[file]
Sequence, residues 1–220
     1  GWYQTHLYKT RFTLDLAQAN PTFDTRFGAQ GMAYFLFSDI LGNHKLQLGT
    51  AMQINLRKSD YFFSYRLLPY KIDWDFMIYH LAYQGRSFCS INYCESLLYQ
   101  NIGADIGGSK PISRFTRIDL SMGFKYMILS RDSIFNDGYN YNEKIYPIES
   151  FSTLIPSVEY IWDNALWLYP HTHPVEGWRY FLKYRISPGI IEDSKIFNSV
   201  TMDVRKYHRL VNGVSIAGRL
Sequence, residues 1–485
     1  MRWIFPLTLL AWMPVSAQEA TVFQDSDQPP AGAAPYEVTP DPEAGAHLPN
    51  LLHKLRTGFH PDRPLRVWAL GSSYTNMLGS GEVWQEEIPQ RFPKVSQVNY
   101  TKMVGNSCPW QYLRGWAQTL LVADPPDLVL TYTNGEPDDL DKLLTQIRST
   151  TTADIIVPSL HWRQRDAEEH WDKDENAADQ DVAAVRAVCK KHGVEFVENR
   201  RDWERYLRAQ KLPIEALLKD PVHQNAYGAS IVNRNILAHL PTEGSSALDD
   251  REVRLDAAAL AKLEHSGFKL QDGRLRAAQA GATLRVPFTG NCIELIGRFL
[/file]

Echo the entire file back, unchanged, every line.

Sequence, residues 1–220
     1  GWYQTHLYKT RFTLDLAQAN PTFDTRFGAQ GMAYFLFSDI LGNHKLQLGT
    51  AMQINLRKSD YFFSYRLLPY KIDWDFMIYH LAYQGRSFCS INYCESLLYQ
   101  NIGADIGGSK PISRFTRIDL SMGFKYMILS RDSIFNDGYN YNEKIYPIES
   151  FSTLIPSVEY IWDNALWLYP HTHPVEGWRY FLKYRISPGI IEDSKIFNSV
   201  TMDVRKYHRL VNGVSIAGRL
Sequence, residues 1–485
     1  MRWIFPLTLL AWMPVSAQEA TVFQDSDQPP AGAAPYEVTP DPEAGAHLPN
    51  LLHKLRTGFH PDRPLRVWAL GSSYTNMLGS GEVWQEEIPQ RFPKVSQVNY
   101  TKMVGNSCPW QYLRGWAQTL LVADPPDLVL TYTNGEPDDL DKLLTQIRST
   151  TTADIIVPSL HWRQRDAEEH WDKDENAADQ DVAAVRAVCK KHGVEFVENR
   201  RDWERYLRAQ KLPIEALLKD PVHQNAYGAS IVNRNILAHL PTEGSSALDD
   251  REVRLDAAAL AKLEHSGFKL QDGRLRAAQA GATLRVPFTG NCIELIGRFL